“Attacks are getting larger, longer and more complex, as [the tools used to carry out attacks] are becoming more available,” said Donny Chong, product director at Nexusguard. “DDoS used to be a special occurrence, but now it’s really a commonplace thing – and the landscape is moving quickly.”

Terabit Era Dawns

One of the most notable evolutions in the DDoS landscape is the growth in the peak size of volumetric attacks. Attackers continue to use reflection/amplification techniques to exploit vulnerabilities in DNS, NTP, SSDP, CLDAP, Chargen and other protocols to maximize the scale of their attacks. Notably however, in February the world saw a 1.3 Tbps DDoS attack against GitHub—setting a record for volume (it was twice the size of the previous largest attack on record) and demonstrating that new amplification techniques can give unprecedented power to cybercriminals. Just five days later, an even larger attack launched, reaching 1.7 Tbps. These showed that DDoS attackers are more than able to keep up with the growing size of bandwidth pipes being used by businesses.

The technique used in February and March made use of misconfigured Memcached servers accessible via the public internet. Memcached servers are used to bolster responsiveness of database-driven websites by improving the memory caching system. Unfortunately, many of them have been deployed using a default insecure configuration, which has opened the door to DDoS attacks that use User Datagram Protocol (UDP) packets amplified by these servers — by as much as 51,200x. That in turn means that malefactors can use fewer resources.  For example, they can send out only a small amount of traffic (around 200 Mbps) and still end up with a massive attack.

The good news is that even as the peaks get larger, volumetric attacks are quickly dealt with.

“These are big and obvious and relatively easy to mitigate,” said Chong. “Blocking Memcached attacks is as simple as doing ISP filtering and blocking the signature – it just goes away. So, it’s not as scary as it seems.”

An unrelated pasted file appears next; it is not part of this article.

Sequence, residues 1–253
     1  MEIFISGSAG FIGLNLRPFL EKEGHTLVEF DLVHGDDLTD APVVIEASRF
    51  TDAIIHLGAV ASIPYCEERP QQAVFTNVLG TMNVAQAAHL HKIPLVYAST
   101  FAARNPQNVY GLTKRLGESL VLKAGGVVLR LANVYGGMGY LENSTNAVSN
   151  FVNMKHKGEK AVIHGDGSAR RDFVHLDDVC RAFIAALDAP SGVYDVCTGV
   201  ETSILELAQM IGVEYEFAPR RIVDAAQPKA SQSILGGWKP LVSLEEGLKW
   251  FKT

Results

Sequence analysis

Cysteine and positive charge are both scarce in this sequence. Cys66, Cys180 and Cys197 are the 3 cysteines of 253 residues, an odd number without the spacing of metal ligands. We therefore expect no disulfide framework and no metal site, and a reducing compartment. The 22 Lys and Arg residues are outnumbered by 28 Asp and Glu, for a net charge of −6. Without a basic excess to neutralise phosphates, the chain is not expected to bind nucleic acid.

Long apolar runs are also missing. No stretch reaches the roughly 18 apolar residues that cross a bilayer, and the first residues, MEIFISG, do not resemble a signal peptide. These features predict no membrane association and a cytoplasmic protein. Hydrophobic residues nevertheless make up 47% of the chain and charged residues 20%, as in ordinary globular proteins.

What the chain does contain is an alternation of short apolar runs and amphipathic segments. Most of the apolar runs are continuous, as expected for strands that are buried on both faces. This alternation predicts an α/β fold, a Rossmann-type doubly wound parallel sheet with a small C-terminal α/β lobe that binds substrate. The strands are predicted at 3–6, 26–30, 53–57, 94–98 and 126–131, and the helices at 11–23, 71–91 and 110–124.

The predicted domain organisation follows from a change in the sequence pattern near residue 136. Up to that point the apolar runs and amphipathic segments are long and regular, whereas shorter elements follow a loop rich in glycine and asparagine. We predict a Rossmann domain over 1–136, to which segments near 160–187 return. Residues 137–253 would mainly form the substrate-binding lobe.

However, criminals are almost certainly looking for the next major reflector source.

“Expect a huge attack, then the good guys to come in and shut some of those resources down on) the bad guys,” said Martin McKeay, global security advocate at Akamai. “This is cyclical. We saw it happen with NTP, DNS and now Memcached, and it will happen again.”

He added that the implications of being able to reach such dizzying attack heights could be profound going forward.

“The undersea cable between Europe and the U.S. is 3.2 terabits,” said McKeay. “If you try to send that amount of traffic through that pipe, you’re going to gum up the works for a very long time, for a lot of companies. A lot of countries don’t even have 1.3 terabits coming in in total, so we’re starting to look at attacks that can take whole countries offline for a good amount of time.”

This kind of doomsday scenario is not without precedent: In 2016, a Mirai botnet variant known as Botnet 14 spent seven days continually attacking the west African nation of Liberia, flooding the two companies that co-own the only fiber going into the country with 600 Gbps flows – easily overwhelming the fiber’s capacity and knocking the country offline.

Rising Sophistication

While big, splashy volumetric attacks make headlines, the reality is that smaller, more sophisticated attacks are perhaps the greater concern.

“DDoS has historically been pretty unsophisticated – it doesn’t require a closed-loop response where you steal data and need to get it back to you,” said Sean Newman, director of product management at Corero Network Security. “Typically, you just send out the traffic to a pipe with the goal of filling it up. But, what we’ve seen recently is that those very large unsophisticated attacks [now] represent a small proportion of the [campaigns] that go on. Across all the DDoS efforts that we see, the majority, just over 70 percent, are [now] less than 1 GB in size. And that’s because the attackers are moving away from using simplistic brute force, to using more sophisticated techniques. Modern DDoS toolkits can launch both infrastructure-based (i.e., volumetric) and application-based payloads; application-layer attacks in particular are sneakier and can be very targeted, researchers said.